Since the 1920s, the history of architecture and of the city in Japan have remained closely linked to Le Corbusier’s work and thought. The first article on Le Corbusier to appear was written by the architect KazueYakushiji for the journal Kenchiku Sekai (The World of Architecture) in August 1923.
When Tokyo was devastated by the great earthquake of 1 September 1923, it was in Le Corbusier’s precepts that inspiration for solutions to urban reconstruction issues was sought. Thus, in 1924, the architect Junpei Nakamura published the book Tokyo Reconstruction Plan 1924 as well as articles in which he presented Le Corbusier’s Plan for a Contemporary City of 3 Million Inhabitants and some of the ideas from his book Towards an architecture.
After reading the book Towards an architecture in 1924, another architect, Kenji Imai in 1926 undertook a trip to Europe, where he visited Gropius in Germany and Le Corbusier in Paris. Seigo Motono (1882-1944), an architect and founder in 1927 of the the International Architectural Association of Japan, had in 1923 already learned of Le Corbusier’s Plan for a Contemporary City Of 3 Million Inhabitants.
But above all it was Hideto Kishida, a lecturer at Tokyo University Department of Architecture, who lectured on Le Corbusier and lent works by Le Corbusier he had brought back from Europe in 1926 to a student of his who knew French, Kunio Mayekawa (1905-1986).
The first Japanese translations of Le Corbusier appeared between 1928 and 1929 in the journal Kokusai Kenchiku. The journal devoted two special issues to Le Corbusier expressing all-out enthusiasm.
In 1929 the publisher Koseisha Shobo published in Japanese the complete texts of Towards
an Architecture and in 1931 Today’s Decorative Art.
In the 1930s, Japanese architects, whose enthusiasm for Le Corbusier was to continue, erected a large number of buildings on the lines of Le Corbusier’s precepts. More than a hundred of these realizations can be found presented in Japanese architecture magazines of the 1930s. In an article published in a French magazine, BrunoTaut, invited to Japan in 1932 by the “International Architectural Association of Japan” emphasized how Le Corbusier fascinated Japan, even eclipsing the influence of Frank Lloyd Wright. He gave as examples the architects Antonin Raymond and KamekiTsuchiura.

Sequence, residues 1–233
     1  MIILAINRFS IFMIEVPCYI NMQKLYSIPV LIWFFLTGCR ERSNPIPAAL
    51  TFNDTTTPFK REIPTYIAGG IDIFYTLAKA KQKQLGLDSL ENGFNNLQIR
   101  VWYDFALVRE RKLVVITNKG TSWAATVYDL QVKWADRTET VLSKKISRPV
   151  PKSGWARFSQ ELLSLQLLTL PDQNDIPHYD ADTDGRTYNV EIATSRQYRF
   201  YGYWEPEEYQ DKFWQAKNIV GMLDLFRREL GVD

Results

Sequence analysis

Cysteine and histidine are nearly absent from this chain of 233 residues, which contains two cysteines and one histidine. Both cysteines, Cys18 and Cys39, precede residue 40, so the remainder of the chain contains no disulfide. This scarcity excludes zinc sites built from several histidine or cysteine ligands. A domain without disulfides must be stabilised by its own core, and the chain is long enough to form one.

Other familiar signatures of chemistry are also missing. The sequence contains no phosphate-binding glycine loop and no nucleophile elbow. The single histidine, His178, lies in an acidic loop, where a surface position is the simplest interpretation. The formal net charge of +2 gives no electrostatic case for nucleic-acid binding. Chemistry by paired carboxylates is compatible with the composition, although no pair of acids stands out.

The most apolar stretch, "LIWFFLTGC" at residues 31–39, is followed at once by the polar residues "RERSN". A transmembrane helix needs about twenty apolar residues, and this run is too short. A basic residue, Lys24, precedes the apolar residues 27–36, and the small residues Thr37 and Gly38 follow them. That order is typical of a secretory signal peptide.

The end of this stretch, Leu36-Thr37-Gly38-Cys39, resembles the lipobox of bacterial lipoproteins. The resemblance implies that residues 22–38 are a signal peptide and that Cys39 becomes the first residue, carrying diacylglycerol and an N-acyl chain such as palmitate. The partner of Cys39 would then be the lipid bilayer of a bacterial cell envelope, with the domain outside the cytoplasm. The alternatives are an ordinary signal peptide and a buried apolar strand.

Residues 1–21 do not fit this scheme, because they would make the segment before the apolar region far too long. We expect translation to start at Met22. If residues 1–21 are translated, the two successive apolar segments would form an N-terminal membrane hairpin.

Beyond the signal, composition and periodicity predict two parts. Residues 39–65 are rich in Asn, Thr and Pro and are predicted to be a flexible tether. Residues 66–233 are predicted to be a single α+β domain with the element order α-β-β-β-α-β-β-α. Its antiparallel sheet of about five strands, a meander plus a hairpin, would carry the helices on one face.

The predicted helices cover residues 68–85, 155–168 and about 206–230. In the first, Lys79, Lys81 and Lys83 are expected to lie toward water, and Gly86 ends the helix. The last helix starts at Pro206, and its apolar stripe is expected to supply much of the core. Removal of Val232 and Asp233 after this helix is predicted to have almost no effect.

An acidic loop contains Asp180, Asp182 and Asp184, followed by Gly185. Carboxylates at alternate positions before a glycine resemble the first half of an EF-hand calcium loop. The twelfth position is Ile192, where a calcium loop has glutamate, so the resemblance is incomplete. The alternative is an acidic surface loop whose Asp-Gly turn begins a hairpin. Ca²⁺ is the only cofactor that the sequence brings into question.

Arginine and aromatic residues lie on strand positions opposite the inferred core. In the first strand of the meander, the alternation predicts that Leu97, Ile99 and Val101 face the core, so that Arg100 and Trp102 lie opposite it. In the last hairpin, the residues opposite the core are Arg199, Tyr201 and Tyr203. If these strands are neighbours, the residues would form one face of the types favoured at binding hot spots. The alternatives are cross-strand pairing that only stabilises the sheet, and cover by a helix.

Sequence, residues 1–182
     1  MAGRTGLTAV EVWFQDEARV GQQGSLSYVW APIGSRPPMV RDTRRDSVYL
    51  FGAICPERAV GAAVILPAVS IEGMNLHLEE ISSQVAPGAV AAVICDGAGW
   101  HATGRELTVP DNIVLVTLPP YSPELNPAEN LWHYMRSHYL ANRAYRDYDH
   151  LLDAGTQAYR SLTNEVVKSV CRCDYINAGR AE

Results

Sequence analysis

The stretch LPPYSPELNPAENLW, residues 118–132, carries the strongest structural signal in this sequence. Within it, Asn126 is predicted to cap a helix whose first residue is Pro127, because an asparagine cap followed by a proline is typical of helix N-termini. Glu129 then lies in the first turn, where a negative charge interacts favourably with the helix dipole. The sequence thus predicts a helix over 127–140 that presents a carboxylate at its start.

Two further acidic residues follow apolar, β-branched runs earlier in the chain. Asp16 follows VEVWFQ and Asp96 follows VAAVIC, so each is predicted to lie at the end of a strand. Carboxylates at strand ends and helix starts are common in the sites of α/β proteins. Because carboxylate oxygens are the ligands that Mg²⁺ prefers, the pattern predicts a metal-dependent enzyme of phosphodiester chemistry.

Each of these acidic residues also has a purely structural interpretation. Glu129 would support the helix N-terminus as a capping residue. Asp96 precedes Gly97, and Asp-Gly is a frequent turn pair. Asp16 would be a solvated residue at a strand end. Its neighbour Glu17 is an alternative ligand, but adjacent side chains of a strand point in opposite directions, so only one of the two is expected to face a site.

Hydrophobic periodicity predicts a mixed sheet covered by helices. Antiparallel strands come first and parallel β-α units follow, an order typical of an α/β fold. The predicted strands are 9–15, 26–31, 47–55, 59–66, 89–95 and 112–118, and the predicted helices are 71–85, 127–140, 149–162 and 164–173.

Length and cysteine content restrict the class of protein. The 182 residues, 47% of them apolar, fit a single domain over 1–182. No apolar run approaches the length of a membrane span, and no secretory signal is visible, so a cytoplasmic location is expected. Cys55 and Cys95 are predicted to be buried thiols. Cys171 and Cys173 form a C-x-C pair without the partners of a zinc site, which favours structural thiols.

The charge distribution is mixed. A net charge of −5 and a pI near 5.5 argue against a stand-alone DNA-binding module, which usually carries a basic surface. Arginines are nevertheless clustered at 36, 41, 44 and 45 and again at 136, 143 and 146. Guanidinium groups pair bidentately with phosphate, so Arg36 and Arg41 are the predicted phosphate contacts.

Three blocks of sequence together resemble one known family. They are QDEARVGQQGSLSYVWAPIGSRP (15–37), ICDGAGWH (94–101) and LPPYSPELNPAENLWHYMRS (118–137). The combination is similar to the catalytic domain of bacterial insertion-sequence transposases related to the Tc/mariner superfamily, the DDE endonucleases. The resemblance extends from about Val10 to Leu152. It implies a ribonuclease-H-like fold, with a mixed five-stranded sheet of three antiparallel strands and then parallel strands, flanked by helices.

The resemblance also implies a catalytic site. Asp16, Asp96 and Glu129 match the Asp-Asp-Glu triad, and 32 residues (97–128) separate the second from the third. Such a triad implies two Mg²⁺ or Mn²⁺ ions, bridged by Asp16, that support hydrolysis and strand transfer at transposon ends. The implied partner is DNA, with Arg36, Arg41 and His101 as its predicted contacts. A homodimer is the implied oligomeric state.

Until World War II, there were no less than four Japanese co-workers in the studio in rue de Sèvres.
The first of these, Kunio Mayekawa, much impressed by Le Corbusier’s texts, presented a dissertation on Le Corbusier for his degree in architecture. Upon graduating in 1928, he was to work for two years in the Paris studio, becoming Le Corbusier’s first Japanese colleague.
On his return to Japan in April 1930, Mayekawa joined Antonin Raymond’s studio in August 1930 and continued to spread Le Corbusier’s ideas,translating into Japanese excerpts from Today’s Decorative Art. In 1932 Mayekawa in a personal capacity executed a building for the Kimura industrial laboratories, a work directly inspired by Le Corbusier. In 1935 he opened his own agency which was to produce other important architects of the modern Japanese movement such as: KenzoTange, Masato Ohtaka,Toshihiko Kimura and Azusa Kitou.
Arriving a month and a half after Mayekawa at the studio in rue de Sèvres, another pupil of Hideto Kishida, Kikunosuke Makino (1903-1983), who had graduated in 1927, stayed for only eight months. On his return to Japan, he published articles and translations describing life in Le Corbusier’s studio.
Nagatoshi Tsuchihashi was the third Japanese architect to work with Le Corbusier. He entered the studio in 1929 but for health reasons was obliged to return to Japan in February 1930. He nonetheless published articles in Japanese journals describing life in Le Corbusier’s studio.